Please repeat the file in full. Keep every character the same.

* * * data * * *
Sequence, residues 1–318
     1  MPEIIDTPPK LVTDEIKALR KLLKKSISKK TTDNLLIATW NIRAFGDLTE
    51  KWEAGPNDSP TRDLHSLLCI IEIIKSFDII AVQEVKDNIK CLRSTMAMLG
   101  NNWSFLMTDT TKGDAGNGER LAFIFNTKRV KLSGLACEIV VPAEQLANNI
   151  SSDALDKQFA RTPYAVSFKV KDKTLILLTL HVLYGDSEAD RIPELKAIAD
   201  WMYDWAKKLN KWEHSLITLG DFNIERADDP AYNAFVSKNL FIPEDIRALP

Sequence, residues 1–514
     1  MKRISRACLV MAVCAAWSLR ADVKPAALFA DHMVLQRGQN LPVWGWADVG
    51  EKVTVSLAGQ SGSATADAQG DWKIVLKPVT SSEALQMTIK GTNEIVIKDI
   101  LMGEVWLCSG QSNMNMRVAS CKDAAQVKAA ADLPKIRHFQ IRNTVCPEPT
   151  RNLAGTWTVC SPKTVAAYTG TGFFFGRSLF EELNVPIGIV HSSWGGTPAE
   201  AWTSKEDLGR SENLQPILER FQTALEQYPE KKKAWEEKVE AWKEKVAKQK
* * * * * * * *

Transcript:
Sequence, residues 1–318
     1  MPEIIDTPPK LVTDEIKALR KLLKKSISKK TTDNLLIATW NIRAFGDLTE
    51  KWEAGPNDSP TRDLHSLLCI IEIIKSFDII AVQEVKDNIK CLRSTMAMLG
   101  NNWSFLMTDT TKGDAGNGER LAFIFNTKRV KLSGLACEIV VPAEQLANNI
   151  SSDALDKQFA RTPYAVSFKV KDKTLILLTL HVLYGDSEAD RIPELKAIAD
   201  WMYDWAKKLN KWEHSLITLG DFNIERADDP AYNAFVSKNL FIPEDIRALP

Sequence, residues 1–514
     1  MKRISRACLV MAVCAAWSLR ADVKPAALFA DHMVLQRGQN LPVWGWADVG
    51  EKVTVSLAGQ SGSATADAQG DWKIVLKPVT SSEALQMTIK GTNEIVIKDI
   101  LMGEVWLCSG QSNMNMRVAS CKDAAQVKAA ADLPKIRHFQ IRNTVCPEPT
   151  RNLAGTWTVC SPKTVAAYTG TGFFFGRSLF EELNVPIGIV HSSWGGTPAE
   201  AWTSKEDLGR SENLQPILER FQTALEQYPE KKKAWEEKVE AWKEKVAKQK